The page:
To date, the University of Victoria in Canada has collected data from more than one million sessions and conducted large statistical studies. These provide very encouraging effectiveness rates of dynamic non-linear neurofeedback training . The rates of improvement are 83.3% in insomnia, 87.2% for migraine and 72.4% in tachycardia . All conditions that significantly lower people’s quality of life.

Neurofeedback and psychosomatics

Other “psychosomatic” disorders also benefit from this method. For example, for fibromyalgia and other chronic pain, the University of Victoria reports efficacy of 73.8%. While for gastrointestinal disorders it certifies its effectiveness in 80% of cases. An Italian study is underway conducted in collaboration with the University of Palermo (Lanza, 2018) which is evaluating its effectiveness for Tinnitus disorder.. Although definitive results are expected, neurofeedback appears to be very useful for treating a disabling disorder and with little or no efficacy from other approaches. The preliminary results also show that, even in patients who do not have a decrease in the intensity and frequency of tinnitus, there is a reduction in the state of anxiety. In fact, this disorder is often accompanied by other secondary disorders such as insomnia and migraines that make the tinnitus disorder even more disabling. It is therefore essential to improve the patient’s ability to adapt and quality of life.

Neurofeedback and dermatological problems

Another field in which the University of Victoria has conducted efficacy studies is that of dermatological problems , often linked to psychosomatic aspects. In these cases, the significant attenuation of the parameters related to stress is beneficial in 70% of cases.

Dr. Jean Alvarez published an important study in the journal Integrative Cancer Therapies in 2013 on the use of dynamic non-linear neurofeedback. It measured cognitive impairment, fatigue, sleep, and emotional distress (particularly anxiety and depression) in 23 women who exhibited symptoms of chemobrain after drug treatments for breast cancer.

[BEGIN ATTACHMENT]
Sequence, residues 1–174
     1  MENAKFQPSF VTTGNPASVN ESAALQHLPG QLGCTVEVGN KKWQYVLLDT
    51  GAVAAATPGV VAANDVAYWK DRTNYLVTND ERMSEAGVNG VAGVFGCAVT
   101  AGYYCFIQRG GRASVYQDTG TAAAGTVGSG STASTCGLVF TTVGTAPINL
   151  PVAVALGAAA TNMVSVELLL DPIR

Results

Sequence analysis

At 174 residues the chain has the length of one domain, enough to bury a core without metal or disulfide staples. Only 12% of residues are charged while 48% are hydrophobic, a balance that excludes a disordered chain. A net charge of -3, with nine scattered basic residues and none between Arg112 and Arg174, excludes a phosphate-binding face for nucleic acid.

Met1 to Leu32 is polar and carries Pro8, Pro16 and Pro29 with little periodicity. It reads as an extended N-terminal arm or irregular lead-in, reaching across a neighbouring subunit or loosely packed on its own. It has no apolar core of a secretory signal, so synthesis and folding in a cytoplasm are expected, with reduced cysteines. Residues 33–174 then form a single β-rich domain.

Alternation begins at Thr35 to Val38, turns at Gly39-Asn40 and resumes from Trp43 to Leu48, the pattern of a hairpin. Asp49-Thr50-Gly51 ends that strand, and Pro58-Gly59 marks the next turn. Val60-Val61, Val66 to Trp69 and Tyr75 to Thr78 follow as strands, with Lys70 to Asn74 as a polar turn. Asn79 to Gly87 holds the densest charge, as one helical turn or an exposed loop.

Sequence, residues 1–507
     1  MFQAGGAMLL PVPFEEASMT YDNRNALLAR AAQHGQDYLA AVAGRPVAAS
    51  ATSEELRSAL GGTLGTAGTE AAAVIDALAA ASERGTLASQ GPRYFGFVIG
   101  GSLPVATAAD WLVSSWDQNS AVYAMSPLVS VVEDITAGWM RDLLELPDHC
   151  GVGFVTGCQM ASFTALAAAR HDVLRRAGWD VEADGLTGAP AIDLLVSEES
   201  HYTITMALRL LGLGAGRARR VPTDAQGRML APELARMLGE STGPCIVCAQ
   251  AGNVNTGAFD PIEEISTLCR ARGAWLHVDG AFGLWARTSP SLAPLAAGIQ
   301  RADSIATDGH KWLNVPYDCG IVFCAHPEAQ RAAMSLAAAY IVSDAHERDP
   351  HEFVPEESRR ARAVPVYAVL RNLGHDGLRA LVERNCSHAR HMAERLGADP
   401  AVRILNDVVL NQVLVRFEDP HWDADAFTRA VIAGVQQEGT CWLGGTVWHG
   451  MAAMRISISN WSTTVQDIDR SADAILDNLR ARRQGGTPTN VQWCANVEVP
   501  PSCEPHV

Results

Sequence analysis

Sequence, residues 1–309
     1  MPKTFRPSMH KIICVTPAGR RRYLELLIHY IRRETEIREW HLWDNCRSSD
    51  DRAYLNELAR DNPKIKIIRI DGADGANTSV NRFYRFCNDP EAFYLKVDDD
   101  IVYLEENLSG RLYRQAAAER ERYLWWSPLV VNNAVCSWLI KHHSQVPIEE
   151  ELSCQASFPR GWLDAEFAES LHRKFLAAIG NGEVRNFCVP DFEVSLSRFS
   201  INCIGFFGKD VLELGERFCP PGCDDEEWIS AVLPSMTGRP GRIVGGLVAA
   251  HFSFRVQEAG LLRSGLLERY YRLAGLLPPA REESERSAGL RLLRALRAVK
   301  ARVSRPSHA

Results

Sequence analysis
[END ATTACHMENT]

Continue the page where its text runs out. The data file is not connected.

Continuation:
In the initial measurements the participants showed higher scores than the normal population on all questionnaires. After 20 neurofeedback sessions, the subjects were indistinguishable from the normal population with respect to almost all measured variables.

In the study by Ali Nazari et al. of 2011 (9) indicates effective neurofeedback training for ADHD and non-responders to drug treatment.

Dynamic neurofeedback indications and contraindications

To date, with the data available, everyone can benefit from the help provided by dynamic non-linear neurofeedback. In fact, there are no exclusion criteria with respect to age, psychophysical condition or the presence of any pathologies with the exception of severe hearing loss. The training has no side effects and is absolutely not invasive. It does not impose anything on the central nervous system but facilitates the correct processing of information by the brain. It sends back information that is not an “electrical stimulation”, but a signal that is sent to the brain through a micro interruption of listening to music.

Anyone wishing to make the most of their brain and enhance their physical and mental resources can benefit from this innovative tool. By improving attention and concentration skills, it can help anyone, from managers to athletes, from professionals to children.

Last but not least, this tool also appears promising as a supplement to psychotherapeutic treatments. Helps to overcome blocking moments and strengthen the results achieved. It can be combined with pharmacological therapies to improve their effectiveness and compliance. However, the role of the operator in accompanying the person during this experience and in his change process is fundamental.


by Abdullah Sam